Many of Mazer's novels use characters from earlier books, and father-and-son relationships like the one in Guy Lenny often appear. Romance also plays a part, as in The Girl of His Dreams, in which Mazer relates the romance of Willis and Sophie, two ordinary young adults, with "a credibility apart from [the book's] fairytale ending," in the opinion of Marianne Gingher writing in the Los Angeles Times. Willis is a factory worker and dedicated runner who has a clear vision of exactly what the girl of his dreams should be like. Sophie does not fit this image, and their relationship develops slowly and awkwardly. "No run-of-the-mill, boy meets girl story here," stated Libby K. White in School Library Journal, adding that the novel "is romantic without being either mushy or explicitly sexual. Willis and Sophie are attractive characters who will interest and involve readers."
Snow Bound is another tale of two mismatched teens who are caught unprepared in a winter blizzard and must cooperate in order to survive. Tony is a spoiled rich kid who sets out to get revenge on his parents for not letting him keep a stray dog. He steals his mother's car and takes off in the middle of a snowstorm, picking up hitchhiker Cindy along the way. After getting lost, Tony wrecks the car in a desolate area, and he and Cindy must survive both the frigid cold and a pack of wild dogs. "The relationship that develops between the two of them is sensitively handled, never foolishly romanticized, and will probably be an easy thing for young readers to identify with," maintained Tom Heffernan in Children's Literature. New York Times Book Review contributor Cathleen Burns Elmer concluded that "the final measure of the book's capacity to enthrall lies in the mature reader's willingness to suspend disbelief. Snow Bound is a crackling tale; Mazer tells it with vigor and authority."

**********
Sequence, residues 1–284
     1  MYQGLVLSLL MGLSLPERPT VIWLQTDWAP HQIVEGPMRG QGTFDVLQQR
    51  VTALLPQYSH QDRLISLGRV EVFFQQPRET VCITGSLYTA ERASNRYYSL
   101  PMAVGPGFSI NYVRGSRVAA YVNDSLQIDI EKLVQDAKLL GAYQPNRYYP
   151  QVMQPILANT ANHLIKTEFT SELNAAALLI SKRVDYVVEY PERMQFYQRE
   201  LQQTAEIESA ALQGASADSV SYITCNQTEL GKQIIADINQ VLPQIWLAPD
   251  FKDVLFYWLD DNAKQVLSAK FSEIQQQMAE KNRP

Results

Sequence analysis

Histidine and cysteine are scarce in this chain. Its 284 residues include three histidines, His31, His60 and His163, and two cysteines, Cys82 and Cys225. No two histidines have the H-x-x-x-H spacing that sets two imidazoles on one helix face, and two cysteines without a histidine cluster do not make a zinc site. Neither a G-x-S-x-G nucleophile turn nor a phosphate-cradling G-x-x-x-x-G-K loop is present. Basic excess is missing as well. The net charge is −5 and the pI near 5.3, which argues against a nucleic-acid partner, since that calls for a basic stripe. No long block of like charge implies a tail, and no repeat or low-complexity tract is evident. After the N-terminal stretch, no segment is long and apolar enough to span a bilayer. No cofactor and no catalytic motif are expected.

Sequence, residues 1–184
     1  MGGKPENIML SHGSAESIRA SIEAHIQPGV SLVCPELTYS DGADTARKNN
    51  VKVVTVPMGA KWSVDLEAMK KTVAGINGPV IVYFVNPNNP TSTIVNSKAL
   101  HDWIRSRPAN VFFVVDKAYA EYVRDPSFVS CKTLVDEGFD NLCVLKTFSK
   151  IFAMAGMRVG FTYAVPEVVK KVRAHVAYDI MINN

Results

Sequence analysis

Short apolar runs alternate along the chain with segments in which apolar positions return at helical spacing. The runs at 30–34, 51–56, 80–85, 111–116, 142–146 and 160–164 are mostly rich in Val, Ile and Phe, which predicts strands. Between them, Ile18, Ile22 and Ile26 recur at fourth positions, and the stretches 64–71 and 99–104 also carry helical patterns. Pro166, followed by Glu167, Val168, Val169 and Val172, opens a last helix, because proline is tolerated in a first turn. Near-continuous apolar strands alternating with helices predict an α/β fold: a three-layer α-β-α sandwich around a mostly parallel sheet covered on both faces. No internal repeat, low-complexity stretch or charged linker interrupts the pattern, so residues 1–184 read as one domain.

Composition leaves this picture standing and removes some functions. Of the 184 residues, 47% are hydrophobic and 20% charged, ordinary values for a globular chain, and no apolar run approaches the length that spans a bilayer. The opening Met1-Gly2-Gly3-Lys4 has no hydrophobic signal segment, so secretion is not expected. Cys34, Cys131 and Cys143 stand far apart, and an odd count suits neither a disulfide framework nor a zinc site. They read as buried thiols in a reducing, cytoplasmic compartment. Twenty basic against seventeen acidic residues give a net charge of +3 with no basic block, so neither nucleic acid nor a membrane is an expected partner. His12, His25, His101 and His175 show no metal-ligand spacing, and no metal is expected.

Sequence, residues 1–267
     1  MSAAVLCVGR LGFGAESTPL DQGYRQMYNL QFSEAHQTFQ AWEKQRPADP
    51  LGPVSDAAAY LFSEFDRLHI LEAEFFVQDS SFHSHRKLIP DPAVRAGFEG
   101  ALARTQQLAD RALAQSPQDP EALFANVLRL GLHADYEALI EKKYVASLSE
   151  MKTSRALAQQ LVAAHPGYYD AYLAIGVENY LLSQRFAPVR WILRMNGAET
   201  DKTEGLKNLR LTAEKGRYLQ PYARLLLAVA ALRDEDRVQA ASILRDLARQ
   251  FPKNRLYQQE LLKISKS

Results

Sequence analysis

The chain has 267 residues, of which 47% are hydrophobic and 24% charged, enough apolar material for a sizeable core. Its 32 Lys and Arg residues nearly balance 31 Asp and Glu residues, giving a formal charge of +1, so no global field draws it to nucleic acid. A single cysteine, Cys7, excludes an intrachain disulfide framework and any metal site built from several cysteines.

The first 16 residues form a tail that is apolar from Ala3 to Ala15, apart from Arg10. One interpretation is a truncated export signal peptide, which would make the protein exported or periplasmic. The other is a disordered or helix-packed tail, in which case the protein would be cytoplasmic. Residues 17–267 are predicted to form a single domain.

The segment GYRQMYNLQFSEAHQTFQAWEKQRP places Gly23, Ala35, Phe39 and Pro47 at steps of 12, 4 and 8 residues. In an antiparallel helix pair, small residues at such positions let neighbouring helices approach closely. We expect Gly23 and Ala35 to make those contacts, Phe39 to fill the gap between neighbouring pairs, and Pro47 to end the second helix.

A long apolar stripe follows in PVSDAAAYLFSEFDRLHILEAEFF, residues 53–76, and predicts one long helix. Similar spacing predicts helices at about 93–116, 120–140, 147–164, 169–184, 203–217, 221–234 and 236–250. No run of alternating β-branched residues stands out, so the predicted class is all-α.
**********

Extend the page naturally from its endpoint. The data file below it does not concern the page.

The main character in Mazer's I Love You, Stupid! is faced with more typical adolescent problems: High school senior Marcus wants to be a writer and is also obsessed with sex. School Library Journal contributor Kay Webb O'Connell pointed out that Marcus's erotic dreams include almost every young female he meets—everyone but Wendy, a girl he knew in grade school. Marcus even goes so far as to babysit for a young divorced woman, hoping she will become his lover. Wendy and Marcus finally make love, but the boy's aggressive pursuit of sex eventually drives Wendy away. "It takes most of the book to get them together, but it's better that way; Marcus and Wendy are friends who become lovers," observed O'Connell, concluding that Mazer's teen protagonists are "honest and humorous; their conversations and adventures are fresh and funny."
Who Is Eddie Leonard? introduces readers to a fifteen year old who lives with an eccentric elderly woman he calls Grandmother. When the woman dies, Eddie is left alone, but feels he must belong somewhere. A poster of a missing child named Jason Diaz changes everything for Eddie. Seeing the resemblance between himself and the missing boy, and calculating that Jason would now also be fifteen years old, Eddie hunts down the boy's family and introduces himself as their missing son. Now divorced and having given up their son as lost forever, Jason's parents are skeptical, and the missing boy's sister has been happy living as an only child. When the truth about his birth is finally discovered, Eddie must suffer further loss due to his emotional attachment to this new family. "Mazer has written a book teens will respond to," maintained Voice of Youth Advocates contributor Ruth E. Dishnow, calling Who Is Eddie Leonard? "a story about the often painful search for self-identity." While School Library Journal reviewer Lucinda Snyder Whitehurst felt that Mazer's terse, detached style makes the novel more a "series of strong character studies" than a cohesive story, Chris Sherman praised the book, writing in Booklist that Mazer's is "an emotionally charged story that readers will not be able to put down."